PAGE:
A normal cycle of test driven development makes you stop to run your tests so often that it’s just plain painful. Think about the steps you usually go through:
- Write the test
- Stop and run the test
- Write the code under test
- Stop and run tests
- Refactor the code under test
- Stop and run tests
- Drink some coffee and repeat
NCrunch takes away all the pain and leaves a warm happy feeling behind. So you end up with:
- Write the test
- Write the code under test
- Refactor the code under test
NCrunch collects test coverage for your code while it runs your tests. This is shown next to your code in coloured markers showing which lines the tests touched, with marker colours indicating pass or fail status. You can also navigate to any covering tests from any line of code, making it easy to see which tests you might impact with a change. Full code coverage metrics are also available for your entire solution, allowing you to see where your code coverage is heavy and where it’s light.
NCrunch profiles your tests during their execution to pick up the execution time of every line of code under test. Metrics are shown inline conveniently with a tooltip, and ‘hot spots‘ are shown with special colouring on the code coverage markers.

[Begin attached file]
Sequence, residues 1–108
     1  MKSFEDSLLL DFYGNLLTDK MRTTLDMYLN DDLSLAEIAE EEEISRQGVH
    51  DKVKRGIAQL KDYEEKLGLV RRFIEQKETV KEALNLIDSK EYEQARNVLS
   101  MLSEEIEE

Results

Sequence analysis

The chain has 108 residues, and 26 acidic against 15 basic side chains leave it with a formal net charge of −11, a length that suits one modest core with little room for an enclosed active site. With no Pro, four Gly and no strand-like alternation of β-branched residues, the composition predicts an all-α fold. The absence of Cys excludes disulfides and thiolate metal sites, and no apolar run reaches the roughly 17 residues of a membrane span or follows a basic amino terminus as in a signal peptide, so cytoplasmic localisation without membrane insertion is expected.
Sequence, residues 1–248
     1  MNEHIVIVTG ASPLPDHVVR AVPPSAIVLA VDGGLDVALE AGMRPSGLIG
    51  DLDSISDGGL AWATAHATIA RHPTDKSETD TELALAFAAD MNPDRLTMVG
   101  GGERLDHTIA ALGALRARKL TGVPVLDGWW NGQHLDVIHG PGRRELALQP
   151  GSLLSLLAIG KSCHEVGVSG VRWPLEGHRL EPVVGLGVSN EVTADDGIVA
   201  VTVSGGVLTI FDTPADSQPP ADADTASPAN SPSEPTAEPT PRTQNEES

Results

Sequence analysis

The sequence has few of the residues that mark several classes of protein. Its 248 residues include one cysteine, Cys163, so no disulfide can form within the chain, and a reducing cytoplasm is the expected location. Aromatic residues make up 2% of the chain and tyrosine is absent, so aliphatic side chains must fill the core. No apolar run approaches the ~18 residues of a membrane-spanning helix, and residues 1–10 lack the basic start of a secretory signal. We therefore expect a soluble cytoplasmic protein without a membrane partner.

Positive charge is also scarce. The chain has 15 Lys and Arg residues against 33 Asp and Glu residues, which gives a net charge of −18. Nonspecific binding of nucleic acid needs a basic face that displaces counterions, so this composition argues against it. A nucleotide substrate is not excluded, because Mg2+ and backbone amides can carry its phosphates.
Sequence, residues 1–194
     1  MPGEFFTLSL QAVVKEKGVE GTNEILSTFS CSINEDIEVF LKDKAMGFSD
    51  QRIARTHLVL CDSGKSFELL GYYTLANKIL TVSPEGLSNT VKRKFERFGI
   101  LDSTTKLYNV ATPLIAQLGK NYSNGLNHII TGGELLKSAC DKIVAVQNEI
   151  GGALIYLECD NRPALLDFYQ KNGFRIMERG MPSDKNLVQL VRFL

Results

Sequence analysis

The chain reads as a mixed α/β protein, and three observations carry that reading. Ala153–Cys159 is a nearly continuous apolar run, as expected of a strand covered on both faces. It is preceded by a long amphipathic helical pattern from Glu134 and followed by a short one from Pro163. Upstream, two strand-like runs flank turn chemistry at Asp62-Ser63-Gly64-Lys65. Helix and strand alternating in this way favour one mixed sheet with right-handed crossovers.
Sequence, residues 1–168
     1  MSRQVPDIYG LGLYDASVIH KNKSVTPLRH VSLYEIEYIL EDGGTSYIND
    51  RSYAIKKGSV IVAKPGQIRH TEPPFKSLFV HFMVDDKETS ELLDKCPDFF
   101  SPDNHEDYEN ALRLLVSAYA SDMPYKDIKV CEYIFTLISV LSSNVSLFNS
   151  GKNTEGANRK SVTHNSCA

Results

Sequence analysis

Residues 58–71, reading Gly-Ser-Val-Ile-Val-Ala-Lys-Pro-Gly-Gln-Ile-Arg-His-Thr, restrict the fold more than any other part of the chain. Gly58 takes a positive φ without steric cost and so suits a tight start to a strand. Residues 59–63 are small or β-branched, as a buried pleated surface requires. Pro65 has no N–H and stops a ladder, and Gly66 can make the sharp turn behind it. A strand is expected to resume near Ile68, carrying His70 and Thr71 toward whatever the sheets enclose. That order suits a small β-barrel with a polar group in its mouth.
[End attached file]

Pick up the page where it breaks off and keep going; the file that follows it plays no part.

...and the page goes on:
4.Inline Expectation Details:
The stack traces of exceptions thrown from your tests are processed by NCrunch and projected over the code coverage markers. This makes it really easy to spot where your tests went wrong, without the information getting in your way. No matter where you are in your source code, you’ll be able to analyse problems quickly and without fuss.
5.Intelligent test Execution:
NCrunch tracks all sorts of test related data, and it uses it in the most intelligent way possible. Tests that you have recently impacted with your code changes are prioritised for execution using sophisticated and high performance IL-based change mapping. NCrunch uses a powerful weighting system designed to give you the most important feedback as fast as possible.
NCrunch can offload build and test work to other computers for processing. Tasks are cleanly farmed out to any number of connected machines, forming grids to execute tests. Grid servers can be shared between developers allowing teams to pool their resources. Grids can even be scaled into the cloud to maximise testing throughput. Distributed processing with NCrunch is highly effective, allowing concurrent execution of dozens or possibly even hundreds of tests at any one time.
7.Small Memory Footprint:
NCrunch was built with big projects in mind. It has been fully tested and designed to work well on solutions with potentially millions of lines of code and many thousands of tests. An extensive range of simple configuration options allow you to tune NCrunch’s CPU and memory consumption to best fit your specific needs.
Where your tests support it, NCrunch can be configured to run them in parallel across separate processes. This can cut your end-to-end test times down by a huge factor over any normal synchronous test runners. Tests will never be run in parallel within the same process, so there’s no thread safety risks or problems with singletons.
9.Optimised Build Process:
The NCrunch build process is heavily optimised and will only build parts of your solution that have changed, making it much faster than a standard Visual Studio or command-line build.